The three Mr. Jenkins argued, and Jenkins Two and Three started telling her ways they could help Charles Wallace if she chose Two (or Three, depending). Jenkins One seemed annoyed about the whole thing and mystified that she had to choose. Meg argued some more over having to choose with Proginoskes, and then when Charles Wallace showed up with Louise the Larger around his neck (they could bring a pet to school), having been thrown out of class for bringing a pet which terrified everyone (only the girls, he said), she tried to get Louise to decide for her. But she was running out of time. Proginoskes encouraged her to find something to love about Mr. Jenkins, and she remembered how Calvin had said that Mr. Jenkins had bought him shoes, since his family was too poor to get him good ones. Then she moved into a place without feelings—the cherubim had told her love was not a feeling (cherubim could not feel), it was something she did. And she saw that Jenkins Three was too powerful to have been demoted to a small elementary school for not being able to control a school, and Jenkins Two just wanted to make everyone happy. She Named Jenkins One. The other two shrieked away, and Jenkins One fainted as the cherubim materialized (“mattered” as he said) in front of him. (When Cherubim matter—take on matter, flesh—they look like feathered dragons with many eyes, they do not get a choice, just as Meg did not get a choice on how she mattered.)
Blajeny told Meg he was proud of her, then he took Proginoskes and her to Metron Ariston, along with Mr. Jenkins who eventually decided he should come with Meg rather than going back to school, since she had Named him and all. Metron Ariston turned out to not actually be a place, per se, but an idea, a construct. In this idea they could be any size and every size. After some more complaining by both Meg and Mr. Jenkins (although Meg was growing in love for Mr. Jenkins), they met a mouse-like creature named Sporos. He was a farandola, born just yesterday, and not very happy at being paired with a human (Calvin). He was a bit surprised that the planets in their star system did not communicate; on Blajeny’s home system where Soros had been all his life (all one day of it) the planets were constantly talking to each other—perhaps a little too often in his thinking. But to never be a part of the world around you seemed lonely to Sporos.
Farandola are as small compared to a mitochondrion as a mitochondrion is to a human, yet in Metron Ariston they seemed to have not changed any size at all. After being driven out of Mr. Jenkins, the Ecthroi had intensified their attack on Charles Wallace, who collapsed after having been driven home from school, and had to be carried to bed by their mother. There was not much time, so after a quick explanation from Blajeny by means of Meg to Mr. Jenkins about what a farandola was, they left to go to one of Charles Wallace’s mitochondria, to overcome the Ecthroi, who wanted to un-Name and extinguish all of creation.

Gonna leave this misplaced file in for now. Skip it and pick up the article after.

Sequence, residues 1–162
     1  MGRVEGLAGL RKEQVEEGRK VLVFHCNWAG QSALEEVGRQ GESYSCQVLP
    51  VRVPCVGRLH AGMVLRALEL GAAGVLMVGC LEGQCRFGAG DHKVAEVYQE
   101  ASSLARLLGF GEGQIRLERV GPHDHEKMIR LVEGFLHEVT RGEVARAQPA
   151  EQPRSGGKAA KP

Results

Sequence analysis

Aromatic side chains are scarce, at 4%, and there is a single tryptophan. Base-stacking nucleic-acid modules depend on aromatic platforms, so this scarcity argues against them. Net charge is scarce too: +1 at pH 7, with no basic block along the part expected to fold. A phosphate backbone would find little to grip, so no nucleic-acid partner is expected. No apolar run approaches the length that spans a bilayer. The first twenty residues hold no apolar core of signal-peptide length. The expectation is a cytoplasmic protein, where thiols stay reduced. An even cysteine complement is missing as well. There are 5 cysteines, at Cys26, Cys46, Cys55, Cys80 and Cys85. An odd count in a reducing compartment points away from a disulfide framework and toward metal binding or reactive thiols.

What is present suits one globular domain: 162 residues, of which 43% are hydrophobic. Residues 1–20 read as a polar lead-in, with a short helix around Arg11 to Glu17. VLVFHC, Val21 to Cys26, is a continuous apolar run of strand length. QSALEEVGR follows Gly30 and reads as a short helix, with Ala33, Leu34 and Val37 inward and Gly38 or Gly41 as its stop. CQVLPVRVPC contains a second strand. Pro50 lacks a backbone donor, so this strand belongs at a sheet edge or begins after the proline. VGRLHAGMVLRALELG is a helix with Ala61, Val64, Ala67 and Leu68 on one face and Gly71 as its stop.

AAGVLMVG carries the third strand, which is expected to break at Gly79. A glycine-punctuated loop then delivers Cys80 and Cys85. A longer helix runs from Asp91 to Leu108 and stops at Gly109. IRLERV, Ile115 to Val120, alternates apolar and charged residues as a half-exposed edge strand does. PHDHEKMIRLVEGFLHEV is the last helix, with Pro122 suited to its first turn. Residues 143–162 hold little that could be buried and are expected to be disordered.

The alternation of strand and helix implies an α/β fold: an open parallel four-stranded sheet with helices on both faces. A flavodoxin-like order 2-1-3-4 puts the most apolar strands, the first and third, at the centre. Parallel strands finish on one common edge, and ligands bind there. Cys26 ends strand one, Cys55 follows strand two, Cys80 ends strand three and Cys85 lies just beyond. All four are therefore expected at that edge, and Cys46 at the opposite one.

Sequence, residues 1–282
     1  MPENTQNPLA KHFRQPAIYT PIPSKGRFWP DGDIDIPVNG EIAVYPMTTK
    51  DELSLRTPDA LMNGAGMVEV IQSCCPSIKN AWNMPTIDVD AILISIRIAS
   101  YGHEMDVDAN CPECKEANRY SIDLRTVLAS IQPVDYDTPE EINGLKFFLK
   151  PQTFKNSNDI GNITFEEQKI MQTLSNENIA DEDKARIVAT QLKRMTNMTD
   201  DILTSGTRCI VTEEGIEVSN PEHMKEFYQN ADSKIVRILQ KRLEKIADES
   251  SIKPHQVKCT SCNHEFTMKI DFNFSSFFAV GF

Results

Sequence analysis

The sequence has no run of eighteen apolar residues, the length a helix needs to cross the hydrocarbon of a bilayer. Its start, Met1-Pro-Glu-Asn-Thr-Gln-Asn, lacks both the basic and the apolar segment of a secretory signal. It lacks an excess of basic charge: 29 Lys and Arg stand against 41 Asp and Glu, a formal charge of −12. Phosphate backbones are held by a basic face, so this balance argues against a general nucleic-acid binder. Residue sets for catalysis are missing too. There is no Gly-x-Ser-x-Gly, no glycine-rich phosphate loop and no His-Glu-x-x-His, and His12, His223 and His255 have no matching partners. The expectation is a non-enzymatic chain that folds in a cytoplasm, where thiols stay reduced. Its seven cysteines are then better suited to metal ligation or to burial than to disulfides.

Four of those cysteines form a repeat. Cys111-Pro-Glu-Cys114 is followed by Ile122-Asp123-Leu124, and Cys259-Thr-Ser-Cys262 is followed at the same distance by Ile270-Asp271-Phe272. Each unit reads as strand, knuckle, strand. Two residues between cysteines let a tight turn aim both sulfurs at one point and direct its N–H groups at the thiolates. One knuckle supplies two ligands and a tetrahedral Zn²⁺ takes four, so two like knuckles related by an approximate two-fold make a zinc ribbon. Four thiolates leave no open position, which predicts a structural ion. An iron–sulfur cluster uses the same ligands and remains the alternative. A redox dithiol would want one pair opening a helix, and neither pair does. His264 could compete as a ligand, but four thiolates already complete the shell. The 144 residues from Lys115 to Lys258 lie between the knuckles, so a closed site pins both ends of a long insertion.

Sporos was only a day old but he was almost an adult, and about ready to Deepen, to take root and become more like a tree than a scampering mouse (not that there is really shape in a mitochondrion), but the Ecthroi were convincing young farandolae to stay independent and not deepen, which then kills their human host from lack of energy. Meg’s job was to kythe all this and what was going on to Mr. Jenkins, which was difficult since he was not good at kything or imagining things, or really anything else other than being at his safe job as a failure. When Meg reached out for him a second time, she got an Ecthros-Jenkins instead, which tried to X her. Proginoskes got a bunch of young farandolae to tickle the Ecthros, which surprised him into letting go of Meg. Unfortunately, the farandolae could not survive, and they Xed themselves. Proginoskes was amazed, for not only does “he know the stars by name” but also the farandolae, implying that Xing oneself perhaps not an ending but a beginning or transition.
Meg reached out (metaphorically, as she did not have hands, per se, being the size of a farandola) for Mr. Jenkins, knowing him as Named, unique, loved, and felt his hand, clammy with fear. The Ecthroi were trying to persuade the farandolae, of whom Sporos seemed to be a leader, that they would lose their freedom by deepening. Instead, they danced around the deepened farandolae (called fara), sucking it dry of life. They tried to persuade Sporos to deepen, but he would have none of it, and they danced faster and wilder, while the Ecthroi said that only in nothingness is there contentment. Meg threw herself at the fara, loving it and giving it herself, and it recovered (the second test), but Meg was being Xed. Mr. Jenkins held her and loved her back, and then he was surrounded by Ecthroi-Jenkins and being Xed. She knew what she had to do, but she was afraid of the pain of being Xed. Still, she went to him and loved him, filling the nothingness of the Ecthroi, but it was not enough, and Meg, Calvin, and Mr. Jenkins were all being Xed until Proginoskes Xed himself, giving himself completely to fill the void of the Ecthroi, naming them and filling them with himself.
Then they were in Charles Wallace’s room, with his mother and Dr. Louise Colubra, and a much healthier-looking Charles Wallace. Charles Wallace had said that Meg was in his mitochondria, but the twins refused to believe such nonsense, even though Meg said that she had been. But when Mr. Jenkins—who they knew to be anything but imaginative—said that Meg was right and that he had been with her, they simply stared in astonished disbelief. And when Meg and Calvin came back from a walk, the door blew violently open of its own accord, suggesting that Proginoskes, who Blajeny said sometimes manifested as wind or flame, had not ceased to exist.
A Wind in the Door is the second in the series that A Wrinkle in Time started. Meg seems a little more confident, and is definitely forced to grow in love. Apart from that, the book seems like it is mostly philosophical exposition by means of Meg trying to get out of learning to love the unlovable. Sadly, that’s everyone’s story, although not the most exciting reading unless you are into introspection. Still, everything is completely unexpected—surreal, even—so you certainly find yourself interested in what will happen next. L'Engle also gives a Narnia-style window into the Christian life and into the quality of life in the spiritual world, looking forward to what we will experience in Heaven. In particular, a deep connectedness transcending location. So while it is a surreal read with lots of teenage petulance, it is also an opportunity for thoughtful reflection on life.